Santa Ana windstorm raises fire danger throughout Inland Empire


City News Service
RIVERSIDE (CNS) – The autumn season’s first Santa Ana windstorm will elevate fire danger and other public safety hazards throughout Riverside County Thursday and Friday, prompting officials to urge residents to take precautions.
A National Weather Service red flag warning is in effect until 6 p.m. Friday, meaning “critical fire weather” stemming from extremely high winds and low humidity is anticipated for the duration of the easterly winds.
According to the Weather Service, a ridge of high pressure settling over the Great Basin in Nevada and Utah will churn up offshore winds expected to be particularly fierce in mountains and passes.
Winds of 20-35 mph are forecast across the region, with isolated gusts as high as 70 mph in narrow passages, such as the Banning Pass near Banning, meteorologists said. Humidity will drop to 5-10% today and remain around 5% Friday.
The wind event will be pronounced in the San Bernardino Mountains this morning and gradually extend to the region’s valleys by afternoon.
“With some of the most destructive and deadliest fires occurring October through December, we need Californians to not be complacent,” Cal Fire Chief Thom Porter said earlier this week. “Wind-driven fires move fast, and residents need to be ready to evacuate at a moment’s notice in the event of a wildfire. We have increased our staffing but need the public to remain vigilant. It is important to follow evacuation orders and leave early as fires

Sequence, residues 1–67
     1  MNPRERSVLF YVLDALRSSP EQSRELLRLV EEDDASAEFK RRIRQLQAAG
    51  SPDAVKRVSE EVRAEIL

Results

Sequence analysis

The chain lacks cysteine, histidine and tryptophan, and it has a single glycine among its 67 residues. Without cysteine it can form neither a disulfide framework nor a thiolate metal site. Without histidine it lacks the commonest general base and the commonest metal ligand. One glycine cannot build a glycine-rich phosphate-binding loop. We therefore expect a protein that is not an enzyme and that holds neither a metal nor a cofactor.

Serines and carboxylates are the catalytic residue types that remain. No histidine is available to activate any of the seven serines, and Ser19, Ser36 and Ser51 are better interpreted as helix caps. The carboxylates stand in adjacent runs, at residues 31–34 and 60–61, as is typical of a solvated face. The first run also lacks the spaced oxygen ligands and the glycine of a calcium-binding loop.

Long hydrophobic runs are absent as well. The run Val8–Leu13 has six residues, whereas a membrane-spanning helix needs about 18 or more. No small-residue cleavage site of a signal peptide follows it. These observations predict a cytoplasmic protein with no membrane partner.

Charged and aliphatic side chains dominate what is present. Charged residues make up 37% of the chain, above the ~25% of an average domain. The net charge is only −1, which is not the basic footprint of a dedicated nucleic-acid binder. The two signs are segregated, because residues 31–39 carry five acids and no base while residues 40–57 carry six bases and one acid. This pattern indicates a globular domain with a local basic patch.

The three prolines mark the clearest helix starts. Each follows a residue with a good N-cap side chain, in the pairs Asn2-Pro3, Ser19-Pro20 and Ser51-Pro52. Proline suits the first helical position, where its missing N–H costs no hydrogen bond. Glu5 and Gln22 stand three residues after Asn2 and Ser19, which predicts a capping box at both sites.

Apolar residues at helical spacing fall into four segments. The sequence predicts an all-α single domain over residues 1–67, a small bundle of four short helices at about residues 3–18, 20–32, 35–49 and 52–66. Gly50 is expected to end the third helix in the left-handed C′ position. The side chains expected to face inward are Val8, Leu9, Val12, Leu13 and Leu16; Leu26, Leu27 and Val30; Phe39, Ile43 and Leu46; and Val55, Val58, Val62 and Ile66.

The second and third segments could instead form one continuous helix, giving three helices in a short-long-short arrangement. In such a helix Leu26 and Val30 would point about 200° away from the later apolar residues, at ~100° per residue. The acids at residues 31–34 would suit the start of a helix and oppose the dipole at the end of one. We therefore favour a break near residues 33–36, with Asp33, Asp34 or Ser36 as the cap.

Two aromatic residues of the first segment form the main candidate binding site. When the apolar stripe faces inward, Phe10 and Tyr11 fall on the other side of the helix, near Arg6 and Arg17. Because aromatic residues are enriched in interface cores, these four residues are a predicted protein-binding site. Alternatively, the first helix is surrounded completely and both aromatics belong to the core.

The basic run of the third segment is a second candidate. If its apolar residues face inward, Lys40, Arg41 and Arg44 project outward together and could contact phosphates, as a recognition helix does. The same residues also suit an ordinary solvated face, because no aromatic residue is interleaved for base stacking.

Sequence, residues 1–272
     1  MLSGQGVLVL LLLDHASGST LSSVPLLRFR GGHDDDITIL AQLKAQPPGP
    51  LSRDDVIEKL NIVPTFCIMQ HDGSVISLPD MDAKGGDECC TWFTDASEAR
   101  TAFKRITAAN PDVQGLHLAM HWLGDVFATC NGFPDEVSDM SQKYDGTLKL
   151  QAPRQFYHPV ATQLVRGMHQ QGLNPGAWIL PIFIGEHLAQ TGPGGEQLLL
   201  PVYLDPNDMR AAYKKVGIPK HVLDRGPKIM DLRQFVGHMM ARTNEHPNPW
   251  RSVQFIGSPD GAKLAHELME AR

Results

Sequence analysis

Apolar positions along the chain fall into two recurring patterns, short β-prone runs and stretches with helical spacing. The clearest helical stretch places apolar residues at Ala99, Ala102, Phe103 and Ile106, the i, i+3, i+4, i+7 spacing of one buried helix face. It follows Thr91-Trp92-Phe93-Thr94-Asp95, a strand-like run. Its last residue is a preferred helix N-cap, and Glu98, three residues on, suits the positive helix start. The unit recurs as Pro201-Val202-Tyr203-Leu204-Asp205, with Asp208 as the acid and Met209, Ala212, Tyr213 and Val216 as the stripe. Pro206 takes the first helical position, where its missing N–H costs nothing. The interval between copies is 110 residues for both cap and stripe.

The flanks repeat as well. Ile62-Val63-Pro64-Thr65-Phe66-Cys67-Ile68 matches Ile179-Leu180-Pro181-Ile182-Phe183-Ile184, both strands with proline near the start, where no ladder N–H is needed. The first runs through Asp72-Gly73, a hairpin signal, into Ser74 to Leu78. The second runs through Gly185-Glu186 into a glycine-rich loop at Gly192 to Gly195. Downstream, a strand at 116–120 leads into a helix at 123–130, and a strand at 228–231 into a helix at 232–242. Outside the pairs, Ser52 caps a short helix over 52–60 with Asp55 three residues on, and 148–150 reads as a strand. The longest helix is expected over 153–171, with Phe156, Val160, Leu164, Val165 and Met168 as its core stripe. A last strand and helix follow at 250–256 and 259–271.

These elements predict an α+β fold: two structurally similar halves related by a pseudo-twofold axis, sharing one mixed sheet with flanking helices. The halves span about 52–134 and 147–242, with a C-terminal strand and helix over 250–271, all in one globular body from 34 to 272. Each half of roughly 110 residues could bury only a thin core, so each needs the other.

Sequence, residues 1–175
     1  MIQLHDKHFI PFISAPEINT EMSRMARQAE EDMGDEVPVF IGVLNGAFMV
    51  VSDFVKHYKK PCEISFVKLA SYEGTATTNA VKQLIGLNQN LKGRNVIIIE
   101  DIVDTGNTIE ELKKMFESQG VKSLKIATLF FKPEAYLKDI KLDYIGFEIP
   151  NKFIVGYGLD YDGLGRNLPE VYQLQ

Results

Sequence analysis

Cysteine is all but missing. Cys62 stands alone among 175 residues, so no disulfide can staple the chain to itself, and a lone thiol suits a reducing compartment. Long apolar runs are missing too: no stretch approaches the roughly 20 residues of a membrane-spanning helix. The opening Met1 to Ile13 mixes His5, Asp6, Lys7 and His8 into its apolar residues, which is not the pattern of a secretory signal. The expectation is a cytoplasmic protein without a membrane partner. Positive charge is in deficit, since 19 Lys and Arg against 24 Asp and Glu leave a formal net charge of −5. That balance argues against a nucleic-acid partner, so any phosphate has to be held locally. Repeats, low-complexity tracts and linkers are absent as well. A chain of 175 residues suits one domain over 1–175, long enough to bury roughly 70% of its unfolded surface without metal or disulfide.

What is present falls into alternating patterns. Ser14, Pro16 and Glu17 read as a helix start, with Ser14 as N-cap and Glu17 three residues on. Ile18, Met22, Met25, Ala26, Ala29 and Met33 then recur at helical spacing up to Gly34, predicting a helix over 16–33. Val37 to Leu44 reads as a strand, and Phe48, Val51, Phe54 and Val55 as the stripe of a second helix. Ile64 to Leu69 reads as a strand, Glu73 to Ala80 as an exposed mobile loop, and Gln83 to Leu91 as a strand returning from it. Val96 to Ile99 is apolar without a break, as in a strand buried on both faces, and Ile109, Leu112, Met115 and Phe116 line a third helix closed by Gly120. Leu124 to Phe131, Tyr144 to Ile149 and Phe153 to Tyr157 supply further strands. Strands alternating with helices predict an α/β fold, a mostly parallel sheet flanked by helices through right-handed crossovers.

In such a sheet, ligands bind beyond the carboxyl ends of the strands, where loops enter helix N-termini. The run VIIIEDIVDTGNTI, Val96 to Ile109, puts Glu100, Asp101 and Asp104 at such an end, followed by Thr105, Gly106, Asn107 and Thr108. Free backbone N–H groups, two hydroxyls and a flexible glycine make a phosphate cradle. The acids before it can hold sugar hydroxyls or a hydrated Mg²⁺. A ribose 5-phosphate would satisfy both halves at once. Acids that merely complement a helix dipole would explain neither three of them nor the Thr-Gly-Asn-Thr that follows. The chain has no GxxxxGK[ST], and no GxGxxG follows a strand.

move very fast under these conditions.”
Porter stressed the need for people to take basic preventative steps, such as not mowing lawns during high winds, not driving vehicles over extremely dry vegetation, where sparks or hot engine components might touch off a blaze, limiting campfires to designated places and being on the lookout for suspicious behavior that could be arson-related.
The U.S. Forest Service said additional manpower has been secured for the next 48 hours to contend with any wind-driven blazes in the San Bernardino National Forest.
“We’re urging the public to be diligent with anything that can cause fires when in and around the forest,” Acting San Bernardino National Forest Chief Scott Howes said. “As Smokey Bear says, `One less spark.”’
Caltrans District 8, which serves the inland region, issued a statement warning motorists that light signals could go out if utilities implement “public safety power shutoffs,” which are permitted by the California Public Utility Commission.
The shutoffs, also known as “de-energization,” are permissible during high fire danger to prevent electricity lines from arcing, or transformers from throwing sparks and igniting fires, particularly in places not easily accessible to firefighters.
Southern California Edison, which serves large swaths of Riverside County, has a policy of generally trying to notify customers two days in advance of a prospective shutoff.
“Caltrans is advising motorists that (traffic) signalization on state routes throughout Riverside and San Bernardino counties may be affected during the power outages,” according to an agency statement. “The signals will continue to cycle regularly for approximately three hours after the outage and will then cycle to `red-flash’ for another three to six hours. If the outage remains in place for more than six hours, the signals will then go to `blackout’ mode.”
Officials said flashing and blacked out traffic signals must be treated as stop signs, with the usual right-of-way and yielding protocols in place.
The winds are predicted to dissipate Friday night.
High temperatures today could reach 85 degrees in the Coachella Valley, 80 in the San Gorgonio Pass near Banning, 79 in Riverside, 80 in Temecula and 83 in Hemet.
Daytime high temperatures in the Riverside metropolitan area and Coachella Valley will hover in the low 80s Friday, forecasters said.